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Everything posted by Tummybanana

  1. Does this mean that they have a 'Waitrose list' for their weekly subsistence claims as well? Andy Street must be happy with the publicity, anyway.
  2. The thought I just had was to offer to buy a share of the in laws' house we're currently living in. That way, we'd only have to pay tax on the capital gains, of which, in a falling market, there wouldn't be any. Of course, as we currently have no right to occupy, it'd be treated as an asset rather than a personal residence or possession. It might also get pretty sticky in terms of family relations legally. Any thoughts or experiences on this? Oh, and my father-in-law's a Catholic deacon and my mum's an ex-vicar and Anglican chaplain - we've got the religious angle pretty well covered, unless someone wants to throw something Allah's way for good measure
  3. As soon as I found out I was being laid off, I made enquiries about signing on, but was told I couldn't until I'd actually received my P45 (They take receipt of it now, as your 'new employer'). It took about a month to sign on. It's £51 per week; for the first three months you have to show evidence of application for at least four jobs with fortnightly meetings at a time of their convenience, in the second three you have to show that you've applied for EVERYTHING they might find on their system, and have to come in weekly at a time of their convenience. Their much-vaunted Better off calculations are rubbish, as they don't take things like childcare vouchers and free nursery places into account, and they've got sniffy about me bringing my kids with me - not that I've got anywhere else to put them. After the six months, although you can still come in for your meetings, you don't get a red cent if you've got more than 16K savings in cash. We've got 40K from an inadvertent STR. If we had that as an asset, such as a share in a house, or shares, it wouldn't be taken into account. That pisses me off, and it only works for us because we're living rent-free at the moment. Without that, we'd be screwed. The more annoying part is that because I was laid off in November, and had been a gnat's chuff off the higher tax bracket, I had earned enough to take us out of the tax credit system. So, when we actually needed the money, it wasn't there. We won't receive a penny until April. And the reason why we hadn't saved anything? Because we moved out of the house in March and finally sold in September, all the while paying for an interest only mortgage (Pe2 9sd - paid 205,000 for a new build, sold for 182,000). So it's not like we squandered it all on wine, women and song - just the mortgage.
  4. Isn't exposure of product range on a national BBC programme worth 20% off?
  5. washing machines aren't essential? Should we get out the old washboards, then? the trouble is, however feckless the adults are, your actions punish the children who have no say in the quality of their parents. They tried food vouchers, but all that happened is that people sold them on at a loss to get their discretionary purchases (tabs and booze). Currently, the govt is running this scheme: http://www.healthystart.nhs.uk/ which is kind of what you're talking about, but it doesn't cover all foods, clothes and other opportunities for the child. As for your 'getting people to do jobs', if I could get £1,000 per month to cover my childcare I'd be sweeping those roads like a shot. As for housing, stability is important for emotional health.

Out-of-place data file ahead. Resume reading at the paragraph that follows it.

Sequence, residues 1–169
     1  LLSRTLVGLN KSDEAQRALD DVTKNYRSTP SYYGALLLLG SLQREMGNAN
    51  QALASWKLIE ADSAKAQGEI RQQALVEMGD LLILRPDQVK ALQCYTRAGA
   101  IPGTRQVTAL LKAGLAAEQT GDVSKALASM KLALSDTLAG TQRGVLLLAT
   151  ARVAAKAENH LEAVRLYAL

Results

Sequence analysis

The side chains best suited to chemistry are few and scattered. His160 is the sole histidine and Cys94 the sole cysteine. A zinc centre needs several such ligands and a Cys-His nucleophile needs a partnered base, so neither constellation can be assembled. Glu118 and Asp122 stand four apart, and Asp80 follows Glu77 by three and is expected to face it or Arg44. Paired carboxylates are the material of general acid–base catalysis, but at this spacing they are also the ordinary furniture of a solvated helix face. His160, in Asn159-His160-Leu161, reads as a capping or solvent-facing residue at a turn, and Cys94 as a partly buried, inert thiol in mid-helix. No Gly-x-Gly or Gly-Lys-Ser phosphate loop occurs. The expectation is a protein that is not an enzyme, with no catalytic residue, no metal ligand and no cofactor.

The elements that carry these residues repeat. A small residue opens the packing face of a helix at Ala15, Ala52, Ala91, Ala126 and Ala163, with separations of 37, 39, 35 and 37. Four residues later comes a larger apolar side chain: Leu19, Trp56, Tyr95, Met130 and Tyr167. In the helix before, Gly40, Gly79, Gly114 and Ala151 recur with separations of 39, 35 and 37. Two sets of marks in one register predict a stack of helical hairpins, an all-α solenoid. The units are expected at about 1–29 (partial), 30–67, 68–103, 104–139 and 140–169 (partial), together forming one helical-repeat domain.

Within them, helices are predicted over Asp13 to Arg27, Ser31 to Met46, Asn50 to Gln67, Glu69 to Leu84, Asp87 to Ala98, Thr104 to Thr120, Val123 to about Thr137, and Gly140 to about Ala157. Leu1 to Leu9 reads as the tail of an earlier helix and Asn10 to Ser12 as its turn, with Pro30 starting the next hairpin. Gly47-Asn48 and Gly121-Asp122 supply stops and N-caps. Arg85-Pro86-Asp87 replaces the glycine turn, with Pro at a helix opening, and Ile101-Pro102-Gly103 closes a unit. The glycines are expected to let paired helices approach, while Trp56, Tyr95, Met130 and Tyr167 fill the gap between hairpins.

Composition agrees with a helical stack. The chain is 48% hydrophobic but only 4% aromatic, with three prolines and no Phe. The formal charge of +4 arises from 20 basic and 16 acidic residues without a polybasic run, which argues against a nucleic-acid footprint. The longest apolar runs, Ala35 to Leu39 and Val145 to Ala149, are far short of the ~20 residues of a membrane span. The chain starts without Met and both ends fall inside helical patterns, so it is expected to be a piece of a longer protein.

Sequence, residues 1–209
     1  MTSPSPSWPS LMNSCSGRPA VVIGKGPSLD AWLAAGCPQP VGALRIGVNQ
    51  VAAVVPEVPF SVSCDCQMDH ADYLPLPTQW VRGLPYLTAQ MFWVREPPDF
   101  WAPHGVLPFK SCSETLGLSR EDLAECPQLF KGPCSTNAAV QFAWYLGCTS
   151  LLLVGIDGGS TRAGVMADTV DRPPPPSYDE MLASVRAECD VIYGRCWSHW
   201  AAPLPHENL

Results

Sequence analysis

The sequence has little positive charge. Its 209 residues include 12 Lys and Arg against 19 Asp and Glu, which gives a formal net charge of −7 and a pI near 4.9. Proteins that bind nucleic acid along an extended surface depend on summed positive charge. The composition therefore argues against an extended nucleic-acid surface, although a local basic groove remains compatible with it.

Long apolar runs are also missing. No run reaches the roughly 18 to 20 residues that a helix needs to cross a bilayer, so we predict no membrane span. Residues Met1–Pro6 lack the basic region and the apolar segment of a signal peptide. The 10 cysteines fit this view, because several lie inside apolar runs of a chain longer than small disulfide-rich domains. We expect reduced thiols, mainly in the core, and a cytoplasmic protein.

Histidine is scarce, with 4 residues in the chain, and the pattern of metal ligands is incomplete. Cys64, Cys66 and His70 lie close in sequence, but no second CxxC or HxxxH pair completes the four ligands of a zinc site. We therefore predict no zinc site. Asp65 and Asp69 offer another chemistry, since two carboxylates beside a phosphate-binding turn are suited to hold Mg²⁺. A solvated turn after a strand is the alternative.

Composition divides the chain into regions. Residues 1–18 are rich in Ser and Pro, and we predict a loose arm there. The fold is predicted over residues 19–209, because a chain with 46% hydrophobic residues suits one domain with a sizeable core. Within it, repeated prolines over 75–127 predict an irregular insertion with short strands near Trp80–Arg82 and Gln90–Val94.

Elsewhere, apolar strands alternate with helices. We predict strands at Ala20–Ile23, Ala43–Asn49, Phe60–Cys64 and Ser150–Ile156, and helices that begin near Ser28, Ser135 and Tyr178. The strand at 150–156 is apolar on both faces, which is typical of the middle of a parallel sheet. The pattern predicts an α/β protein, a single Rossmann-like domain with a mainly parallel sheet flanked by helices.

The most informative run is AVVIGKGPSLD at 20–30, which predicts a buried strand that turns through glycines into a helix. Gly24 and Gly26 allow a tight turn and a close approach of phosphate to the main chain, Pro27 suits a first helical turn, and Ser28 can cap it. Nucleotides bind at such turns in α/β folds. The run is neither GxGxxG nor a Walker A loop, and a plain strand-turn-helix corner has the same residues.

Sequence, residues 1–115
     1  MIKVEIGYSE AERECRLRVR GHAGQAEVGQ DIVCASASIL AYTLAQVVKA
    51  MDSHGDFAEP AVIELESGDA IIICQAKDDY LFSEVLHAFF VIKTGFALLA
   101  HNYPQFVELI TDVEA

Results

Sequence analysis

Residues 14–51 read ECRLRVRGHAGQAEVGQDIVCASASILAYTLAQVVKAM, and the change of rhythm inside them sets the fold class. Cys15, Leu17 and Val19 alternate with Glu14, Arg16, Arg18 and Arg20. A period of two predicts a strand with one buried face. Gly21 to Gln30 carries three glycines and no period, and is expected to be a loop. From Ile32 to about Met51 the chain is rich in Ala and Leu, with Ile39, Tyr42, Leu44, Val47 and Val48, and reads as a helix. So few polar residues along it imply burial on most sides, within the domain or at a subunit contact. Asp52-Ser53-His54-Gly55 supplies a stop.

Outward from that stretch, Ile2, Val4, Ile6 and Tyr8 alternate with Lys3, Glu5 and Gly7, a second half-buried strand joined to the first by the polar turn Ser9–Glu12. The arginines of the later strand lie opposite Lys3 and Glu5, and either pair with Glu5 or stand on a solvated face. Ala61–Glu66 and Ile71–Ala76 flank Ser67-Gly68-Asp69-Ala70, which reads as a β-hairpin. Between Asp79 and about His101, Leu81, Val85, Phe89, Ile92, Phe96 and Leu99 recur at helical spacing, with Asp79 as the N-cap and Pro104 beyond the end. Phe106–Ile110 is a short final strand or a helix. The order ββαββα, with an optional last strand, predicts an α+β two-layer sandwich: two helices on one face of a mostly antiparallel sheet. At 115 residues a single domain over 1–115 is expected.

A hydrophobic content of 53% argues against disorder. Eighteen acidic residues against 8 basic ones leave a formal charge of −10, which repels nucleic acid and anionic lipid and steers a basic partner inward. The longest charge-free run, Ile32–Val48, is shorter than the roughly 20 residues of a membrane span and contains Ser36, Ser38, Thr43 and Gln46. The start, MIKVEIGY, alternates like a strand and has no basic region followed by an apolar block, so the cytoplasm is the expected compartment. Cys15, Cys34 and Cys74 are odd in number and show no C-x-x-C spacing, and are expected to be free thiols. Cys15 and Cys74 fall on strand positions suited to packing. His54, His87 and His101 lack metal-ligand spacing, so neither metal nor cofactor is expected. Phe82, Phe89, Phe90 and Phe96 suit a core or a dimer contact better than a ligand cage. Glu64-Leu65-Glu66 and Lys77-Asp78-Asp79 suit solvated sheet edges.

6. Funny thing - in our area there's only one nursery, which opens at 8:30 and closes at 6:00 on the dot. On average, it takes 20 minutes to get to the nearest main city - Bristol. We've got two kids under 5, and when I was made redundant in November we had to find childcare for both of them. That equates to about £1,000 per month. Some people might say 'well, you should have thought about that when you had kids,' I'd riposte that under that system old people should have to look after themselves if they were going to be irresponsible and live for so long. Without tax credits we'd be completely screwed - I'm not saying we'd go feral, unlike some people we've got a pretty good family support network (although not enough to look after the kids on a daily basis). Plus, we're living rent free in the wife's parents house whilst they're in Australia for a couple of years. Of course, we still have no right to occupy, and have been on the waiting list for council housing for three months already. I'm currently claiming a whopping £51 per week JSA, having to apply for every penny ante admin and call centre job in the local area, but at the end of May, that'll run out, and we will be on our own. Just to bring it back on topic, too, the reason we don't qualify for any other benefits is because we've got a deposit saved so that we can get back on the housing ladder after the crash. That's not real money; it's not money we want to touch or use, but I suppose it still makes us more secure than someone without two pins to rub together.
  7. Because there's no better way to waste six million dollars than telling libertarians that libertarianism is good?
  8. All you need to find is the land and planning permission. http://news.bbc.co.uk/1/hi/scotland/south_...and/7275312.stm Sure, there's no room for discretionary purchases, but it beats keeping an ex-pat landlord in sangria.